Is Your Adviser “Agnostic?”
The word “agnostic” often refers to a person who is skeptical about God’s existence or humanity’s ability to understand Him, but it can also be used to describe someone who is doubtful or noncommittal in other ways. During a recent interview with a financial adviser on my weekday Real Money radio show, my guest referred to herself as a “product agnostic.” That means she has no preference or bias for any particular product, investment, or company when creating retirement income plans for her clients. I liked that terminology – and it occurred to me that it would be logical and helpful to ask, “Should you expect neutrality from your financial adviser?”
Preempted: Not every adviser is permitted to embrace financial agnosticism. Advisers employed by brokerage firms and insurance companies are limited as to which products they can recommend. Don’t be surprised if you go to a brokerage firm and they sell you their own proprietary brand of mutual funds (just like a Ford dealership will only recommend a Ford). Let’s be honest . . . neither is happenstance. I’ve got nothing personal against brokers or insurance agents, and I have found many to be fine people; however, you do need to know that their flexibility and choices can be hampered by their employer.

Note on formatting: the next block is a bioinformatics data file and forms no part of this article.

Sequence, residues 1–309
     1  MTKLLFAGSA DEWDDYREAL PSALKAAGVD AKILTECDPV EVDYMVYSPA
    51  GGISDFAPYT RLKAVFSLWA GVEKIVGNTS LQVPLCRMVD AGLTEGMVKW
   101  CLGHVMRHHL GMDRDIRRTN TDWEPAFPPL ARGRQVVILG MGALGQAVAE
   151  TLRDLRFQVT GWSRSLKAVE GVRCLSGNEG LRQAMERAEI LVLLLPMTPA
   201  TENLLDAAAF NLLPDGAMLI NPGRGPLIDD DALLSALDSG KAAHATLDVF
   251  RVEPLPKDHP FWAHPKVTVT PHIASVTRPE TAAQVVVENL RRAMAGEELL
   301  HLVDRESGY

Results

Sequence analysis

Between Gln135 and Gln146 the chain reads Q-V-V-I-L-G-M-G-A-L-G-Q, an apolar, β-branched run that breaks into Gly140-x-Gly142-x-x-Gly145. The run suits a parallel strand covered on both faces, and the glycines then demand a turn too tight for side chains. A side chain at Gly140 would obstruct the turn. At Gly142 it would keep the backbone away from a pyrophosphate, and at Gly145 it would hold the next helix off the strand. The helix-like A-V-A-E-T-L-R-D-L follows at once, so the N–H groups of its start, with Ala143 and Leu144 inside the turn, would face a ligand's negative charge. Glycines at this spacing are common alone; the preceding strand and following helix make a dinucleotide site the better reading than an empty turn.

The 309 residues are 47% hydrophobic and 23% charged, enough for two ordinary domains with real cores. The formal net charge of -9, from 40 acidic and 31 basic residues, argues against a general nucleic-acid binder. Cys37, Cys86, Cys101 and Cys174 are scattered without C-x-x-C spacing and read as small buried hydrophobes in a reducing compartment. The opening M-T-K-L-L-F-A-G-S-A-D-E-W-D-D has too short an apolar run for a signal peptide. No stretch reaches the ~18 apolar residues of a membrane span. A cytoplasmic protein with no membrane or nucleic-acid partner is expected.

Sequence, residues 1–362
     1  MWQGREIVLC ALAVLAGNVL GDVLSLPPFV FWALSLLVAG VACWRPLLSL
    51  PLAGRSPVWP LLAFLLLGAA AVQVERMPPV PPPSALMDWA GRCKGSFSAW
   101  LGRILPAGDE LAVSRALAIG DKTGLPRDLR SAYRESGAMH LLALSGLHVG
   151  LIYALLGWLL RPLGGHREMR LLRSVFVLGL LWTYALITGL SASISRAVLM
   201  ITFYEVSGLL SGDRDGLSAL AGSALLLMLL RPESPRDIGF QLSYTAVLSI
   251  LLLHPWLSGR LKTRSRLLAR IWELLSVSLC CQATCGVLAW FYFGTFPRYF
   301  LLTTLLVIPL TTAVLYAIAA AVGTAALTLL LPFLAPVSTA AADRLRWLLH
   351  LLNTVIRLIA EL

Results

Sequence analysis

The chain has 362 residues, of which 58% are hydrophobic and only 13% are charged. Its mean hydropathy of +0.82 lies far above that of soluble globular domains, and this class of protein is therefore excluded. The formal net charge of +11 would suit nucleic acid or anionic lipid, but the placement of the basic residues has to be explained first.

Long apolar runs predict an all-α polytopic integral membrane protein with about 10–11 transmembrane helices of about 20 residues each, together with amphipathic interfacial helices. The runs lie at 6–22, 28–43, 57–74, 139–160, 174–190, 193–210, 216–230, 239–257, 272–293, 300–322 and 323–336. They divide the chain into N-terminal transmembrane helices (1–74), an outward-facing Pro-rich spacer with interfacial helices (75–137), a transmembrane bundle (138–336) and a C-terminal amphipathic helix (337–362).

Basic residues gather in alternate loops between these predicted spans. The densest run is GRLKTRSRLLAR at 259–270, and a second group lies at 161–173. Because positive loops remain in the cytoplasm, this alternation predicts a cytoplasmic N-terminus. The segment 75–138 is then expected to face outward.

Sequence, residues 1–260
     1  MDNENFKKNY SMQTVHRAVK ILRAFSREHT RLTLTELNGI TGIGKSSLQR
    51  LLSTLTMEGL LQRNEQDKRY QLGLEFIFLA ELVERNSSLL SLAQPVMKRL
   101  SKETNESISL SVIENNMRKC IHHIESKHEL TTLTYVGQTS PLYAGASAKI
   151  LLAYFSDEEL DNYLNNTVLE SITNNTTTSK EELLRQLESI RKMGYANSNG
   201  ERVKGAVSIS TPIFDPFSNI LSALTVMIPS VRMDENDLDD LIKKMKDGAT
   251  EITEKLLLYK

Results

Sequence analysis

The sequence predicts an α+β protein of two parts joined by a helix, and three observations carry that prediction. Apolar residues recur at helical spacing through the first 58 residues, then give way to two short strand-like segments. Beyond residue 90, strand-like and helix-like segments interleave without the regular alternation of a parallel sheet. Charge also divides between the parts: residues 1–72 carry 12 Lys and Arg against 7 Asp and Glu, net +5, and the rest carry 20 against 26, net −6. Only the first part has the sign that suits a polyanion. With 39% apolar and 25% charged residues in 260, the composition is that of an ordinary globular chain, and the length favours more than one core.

How to Know: There is only one way to learn, and discern, if an adviser is agnostic about their investment choices . . . you must ask questions. For example, prospective clients have asked me, “What makes you different from other advisers?” This is a fantastic question that everyone should ask. My answers include: 1. we are an independent firm not owned or controlled by a bank, brokerage firm or insurance company; 2. we enjoy a great deal of latitude when screening and recommending products or services for our clients (which might include a combination of mutual funds, stocks, bonds, preferred stocks, ETFs, REITs, annuities, and other investments); 3. our Ormond Beach investment team manages clients’ accounts in-house (in other words, some anonymous person – or worse, “robot,” – in another state doesn’t do it); 4. we charge fees instead of commissions for our investment advice; 5. with two CPAs on staff, we don’t shy away from tax questions, because we prepare tax returns!; and 6. sixteen professionals assist me in delivering our services.
I’ve had many investors tell me they wish they had asked more questions before choosing their previous adviser, but were unsure of what to ask. Do you know which questions will give you the insight you need to choose wisely? Conveniently, I’ve written a book to help: How to Get Great Advice & Avoid Financial Scams. You can purchase it for $10 by calling my office, or I’ll give you a free copy when we meet to discuss your financial goals.
David D. Holland, a CERTIFIED FINANCIAL PLANNER™ practitioner, hosts a weekday radio show at 9AM on AM1380 Ormond Beach, AM1230 New Smyrna Beach and AM1490 Deland. He has also authored two books in his Confessions of a Financial Planner series. Holland offers investment advice through Holland Advisory Services, Inc., a registered investment adviser in Ormond Beach. He can be contacted at (386) 671-7526. Email your financial questions to info@DavidHolland.com.